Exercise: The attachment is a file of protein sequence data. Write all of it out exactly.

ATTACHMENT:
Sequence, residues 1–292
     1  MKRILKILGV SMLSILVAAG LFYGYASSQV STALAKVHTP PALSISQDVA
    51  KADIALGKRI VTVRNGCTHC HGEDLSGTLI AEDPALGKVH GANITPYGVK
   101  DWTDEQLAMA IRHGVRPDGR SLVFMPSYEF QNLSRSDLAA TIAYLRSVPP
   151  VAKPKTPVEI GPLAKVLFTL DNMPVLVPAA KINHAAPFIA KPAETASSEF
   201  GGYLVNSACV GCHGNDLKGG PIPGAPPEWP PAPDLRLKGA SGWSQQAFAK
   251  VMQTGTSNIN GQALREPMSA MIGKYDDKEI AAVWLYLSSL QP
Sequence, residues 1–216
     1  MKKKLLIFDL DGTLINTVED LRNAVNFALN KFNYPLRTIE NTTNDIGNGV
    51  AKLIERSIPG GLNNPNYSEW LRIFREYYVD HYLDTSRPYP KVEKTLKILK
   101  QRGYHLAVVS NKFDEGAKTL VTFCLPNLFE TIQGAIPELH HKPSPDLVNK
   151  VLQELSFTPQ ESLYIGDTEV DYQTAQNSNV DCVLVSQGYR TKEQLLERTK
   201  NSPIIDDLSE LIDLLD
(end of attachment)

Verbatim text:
Sequence, residues 1–292
     1  MKRILKILGV SMLSILVAAG LFYGYASSQV STALAKVHTP PALSISQDVA
    51  KADIALGKRI VTVRNGCTHC HGEDLSGTLI AEDPALGKVH GANITPYGVK
   101  DWTDEQLAMA IRHGVRPDGR SLVFMPSYEF QNLSRSDLAA TIAYLRSVPP
   151  VAKPKTPVEI GPLAKVLFTL DNMPVLVPAA KINHAAPFIA KPAETASSEF
   201  GGYLVNSACV GCHGNDLKGG PIPGAPPEWP PAPDLRLKGA SGWSQQAFAK
   251  VMQTGTSNIN GQALREPMSA MIGKYDDKEI AAVWLYLSSL QP
Sequence, residues 1–216
     1  MKKKLLIFDL DGTLINTVED LRNAVNFALN KFNYPLRTIE NTTNDIGNGV
    51  AKLIERSIPG GLNNPNYSEW LRIFREYYVD HYLDTSRPYP KVEKTLKILK
   101  QRGYHLAVVS NKFDEGAKTL VTFCLPNLFE TIQGAIPELH HKPSPDLVNK
   151  VLQELSFTPQ ESLYIGDTEV DYQTAQNSNV DCVLVSQGYR TKEQLLERTK
   201  NSPIIDDLSE LIDLLD